Chocolate truffles

by thebaking

I made these chocolate truffles last month.

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Inside that chocolate coating was a thick cocoa and beer – I used some of my brown ale homebrew – fondant.

Chocolate truffles are really quite easy to make.

You start with making a fondant filling – basically a really thick icing. A recipe idea will be at the bottom of this post. Once the filling is made, shape it into pieces – then, arrange the pieces on a tray.

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The fondant pieces might be easier to handle for the next step – chocolate coating – if you store them in the fridge when not actually working with them.

Next, it’s chocolate melting time.

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This is also time for me to repeat my statement in a previous post that you don’t NEED complicated or fancy equipment to bake awesome stuff. I used regular old semi-sweet chocolate chips and – as I do not have a double boiler – melted them in a small pot carefully suspended over a slightly larger pot with a bit of water in it.

Keys to success with the two pots or double boiler method of melting chocolate would be:

-don’t use too much water, you really only need an inch or two.

-bring the water in the pot to a gradual boil and then reduce heat – but keep the two pots on the stove burner.

-try not to splash water into the pot with the chocolate in it. Too much water added to chocolate will result in a weird, hard, extremely unappealing and hard to work with texture to the chocolate.

-stir frequently and carefully so that the chocolate melts evenly and stays well-blended once it’s melted.

You can also melt chocolate in the microwave, in any microwave safe bowl. Just be careful to check on the chocolate as you melt it so that it doesn’t get burnt.

Next, line a big, flat plate – or another tray, I used a cookie sheet – with tin foil.

Now, it’s chocolate dipping time.

Take fondant pieces individually, dip them into the pot of chocolate, and then transfer the dipped pieces onto the foil-lined plate or tray.

To handle the pieces as you dip them, you can use a chocolate fork – or you can do as I did and use bamboo kebab skewers, which are cheap and readily available at grocery stores. One of my bamboo skewers makes a special appearance in the melting pot picture above: I actually used a skewer to stir the chocolate as well.

I find it easiest to handle the pieces with two skewers – kind of a similar idea to using chopsticks, but with one skewer in each hand.

Now – while the chocolate is still melted – is the time to put on any decorations, sprinkles, topping, etc. that you want to use. I put alphabet-shape pretzels on some of the truffles in this particular batch. I sprinkled others with Celtic sea salt.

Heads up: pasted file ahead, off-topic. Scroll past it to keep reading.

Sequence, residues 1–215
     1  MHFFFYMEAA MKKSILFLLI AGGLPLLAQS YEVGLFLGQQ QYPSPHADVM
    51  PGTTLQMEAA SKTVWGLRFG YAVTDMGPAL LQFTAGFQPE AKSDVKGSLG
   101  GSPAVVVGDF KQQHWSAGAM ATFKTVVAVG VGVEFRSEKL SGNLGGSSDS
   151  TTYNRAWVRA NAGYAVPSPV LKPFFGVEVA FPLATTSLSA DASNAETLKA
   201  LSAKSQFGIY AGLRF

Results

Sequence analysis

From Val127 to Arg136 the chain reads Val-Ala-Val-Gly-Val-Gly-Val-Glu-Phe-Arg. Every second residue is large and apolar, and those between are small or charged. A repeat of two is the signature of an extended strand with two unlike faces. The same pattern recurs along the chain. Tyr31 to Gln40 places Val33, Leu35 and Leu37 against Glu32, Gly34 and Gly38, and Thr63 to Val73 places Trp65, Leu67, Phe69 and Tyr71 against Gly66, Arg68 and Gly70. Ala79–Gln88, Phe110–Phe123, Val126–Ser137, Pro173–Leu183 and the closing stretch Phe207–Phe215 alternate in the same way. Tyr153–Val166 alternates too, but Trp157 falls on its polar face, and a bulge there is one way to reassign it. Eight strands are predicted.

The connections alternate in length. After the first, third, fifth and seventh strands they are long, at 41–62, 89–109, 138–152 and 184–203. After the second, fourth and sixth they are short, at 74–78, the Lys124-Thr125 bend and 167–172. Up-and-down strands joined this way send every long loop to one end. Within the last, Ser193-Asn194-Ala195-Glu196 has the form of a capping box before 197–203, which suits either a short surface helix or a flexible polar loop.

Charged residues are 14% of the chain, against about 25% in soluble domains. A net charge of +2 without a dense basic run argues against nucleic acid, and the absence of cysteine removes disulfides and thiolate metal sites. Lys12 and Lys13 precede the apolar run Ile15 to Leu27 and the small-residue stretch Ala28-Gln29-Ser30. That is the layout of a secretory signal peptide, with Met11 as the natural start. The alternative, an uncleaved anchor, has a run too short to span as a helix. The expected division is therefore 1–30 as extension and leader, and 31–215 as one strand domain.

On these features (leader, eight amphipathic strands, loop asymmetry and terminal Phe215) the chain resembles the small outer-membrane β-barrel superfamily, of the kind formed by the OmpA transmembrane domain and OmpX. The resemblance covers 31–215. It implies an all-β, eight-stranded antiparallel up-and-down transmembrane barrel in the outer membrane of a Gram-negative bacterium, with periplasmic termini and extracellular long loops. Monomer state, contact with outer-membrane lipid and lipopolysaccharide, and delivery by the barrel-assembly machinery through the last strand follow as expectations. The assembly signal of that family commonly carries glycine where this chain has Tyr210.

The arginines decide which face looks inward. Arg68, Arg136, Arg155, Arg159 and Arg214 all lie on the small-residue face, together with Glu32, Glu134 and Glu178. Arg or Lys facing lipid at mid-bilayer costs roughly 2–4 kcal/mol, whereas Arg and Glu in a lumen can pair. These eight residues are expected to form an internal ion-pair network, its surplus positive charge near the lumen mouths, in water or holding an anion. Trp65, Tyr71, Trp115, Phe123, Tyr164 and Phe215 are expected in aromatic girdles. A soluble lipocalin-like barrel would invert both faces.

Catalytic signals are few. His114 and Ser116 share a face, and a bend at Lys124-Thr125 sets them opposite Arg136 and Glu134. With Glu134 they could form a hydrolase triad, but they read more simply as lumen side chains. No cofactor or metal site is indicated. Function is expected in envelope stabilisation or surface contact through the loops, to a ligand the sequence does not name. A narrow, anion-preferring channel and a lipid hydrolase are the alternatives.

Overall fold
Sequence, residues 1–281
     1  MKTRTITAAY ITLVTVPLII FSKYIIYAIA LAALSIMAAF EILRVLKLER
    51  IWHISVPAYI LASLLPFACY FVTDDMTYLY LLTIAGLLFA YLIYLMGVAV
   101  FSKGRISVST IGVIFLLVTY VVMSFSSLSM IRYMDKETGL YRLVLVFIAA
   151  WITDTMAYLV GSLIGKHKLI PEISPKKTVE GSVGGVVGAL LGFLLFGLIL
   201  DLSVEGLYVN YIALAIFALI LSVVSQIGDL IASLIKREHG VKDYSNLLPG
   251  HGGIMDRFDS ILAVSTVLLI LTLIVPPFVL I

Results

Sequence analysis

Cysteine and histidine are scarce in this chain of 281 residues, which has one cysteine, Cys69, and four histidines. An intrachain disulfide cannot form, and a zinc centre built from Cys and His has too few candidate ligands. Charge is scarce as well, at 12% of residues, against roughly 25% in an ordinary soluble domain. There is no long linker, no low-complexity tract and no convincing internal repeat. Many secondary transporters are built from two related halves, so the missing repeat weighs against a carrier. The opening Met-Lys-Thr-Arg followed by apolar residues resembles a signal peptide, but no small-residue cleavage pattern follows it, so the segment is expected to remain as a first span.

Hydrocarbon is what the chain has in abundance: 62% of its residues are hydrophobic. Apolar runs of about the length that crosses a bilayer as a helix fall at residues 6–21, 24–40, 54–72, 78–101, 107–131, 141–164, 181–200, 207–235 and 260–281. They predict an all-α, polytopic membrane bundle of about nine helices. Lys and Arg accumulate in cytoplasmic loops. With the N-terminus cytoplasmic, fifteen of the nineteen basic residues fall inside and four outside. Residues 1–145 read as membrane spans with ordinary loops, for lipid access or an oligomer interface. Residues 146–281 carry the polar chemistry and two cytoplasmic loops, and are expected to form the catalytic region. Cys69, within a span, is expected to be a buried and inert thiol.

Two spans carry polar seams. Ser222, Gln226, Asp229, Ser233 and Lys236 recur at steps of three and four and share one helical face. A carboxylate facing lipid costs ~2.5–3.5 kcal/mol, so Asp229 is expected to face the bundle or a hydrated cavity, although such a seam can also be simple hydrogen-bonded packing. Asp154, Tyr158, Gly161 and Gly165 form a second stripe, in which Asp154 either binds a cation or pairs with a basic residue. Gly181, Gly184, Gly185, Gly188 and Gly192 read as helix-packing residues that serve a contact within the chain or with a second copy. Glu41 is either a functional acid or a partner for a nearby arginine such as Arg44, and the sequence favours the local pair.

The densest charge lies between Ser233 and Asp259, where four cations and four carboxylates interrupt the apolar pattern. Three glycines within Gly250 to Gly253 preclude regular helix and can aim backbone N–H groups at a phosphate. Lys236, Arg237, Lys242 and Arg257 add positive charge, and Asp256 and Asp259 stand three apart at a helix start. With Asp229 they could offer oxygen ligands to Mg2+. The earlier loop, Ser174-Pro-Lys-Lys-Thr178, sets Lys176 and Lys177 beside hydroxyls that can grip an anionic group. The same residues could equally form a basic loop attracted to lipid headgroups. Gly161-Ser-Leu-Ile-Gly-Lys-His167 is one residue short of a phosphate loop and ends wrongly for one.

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When all of the pieces are coated in chocolate, transfer the foil-lined tray to the fridge to cool. If you want your truffles faster, you can cool the tray in the freezer too.

For the fondant filling, the basic recipe is:

-1/2 cup margarine – I usually use Earth Balance brand, but any margarine that is firm like butter when it’s in the fridge will work. And the margarine is easier to work with if you bring it to room temperature before using it.

-4 tablespoons cocoa powder – if you want plain, non-chocolate, truffles, replace the cocoa powder with an equivalent quantity of icing sugar.

-2 tbsp liquid vanilla extract

-3 cups icing sugar

Start with mixing the margarine, cocoa powder, and vanilla together first. Then gradually add the icing sugar. The mixture will get VERY thick, but I found I could still mix it, with some effort, with a regular spoon. Add more icing sugar if you’d like a thicker fondant.

For the chocolate, regular semi-sweet chocolate chips will work. You could also use coating wafers, white chocolate, or coloured wafers. it’s really up to you. But you’ll need around two cups of whatever coating you use – more if you do a thick coating or if you make a larger number of pieces.

For this specific batch of truffles, I modified my recipe by:

-replacing the liquid vanilla extract with one packet of vanilla sugar.

-only using about 2 tablespoons of cocoa powder.

-adding about 3/4 of a teaspoon of salt – I  find that chocolate often works well with salt.

-using about 1/4 cup of homebrewed brown ale beer as the liquid ingredient

-using about 3 1/2 to four cups of icing sugar – the extra icing sugar was to compensate for the extra liquid I added by using beer.

I liked the modification I used quite a lot.

I found that the beer flavour wasn’t very strong. But some of the other people who tried the truffles told me that they tasted beer right away – and liked it.

I’m thinking that I’d like to try another modified version where I replace some of the margarine with peanut butter.

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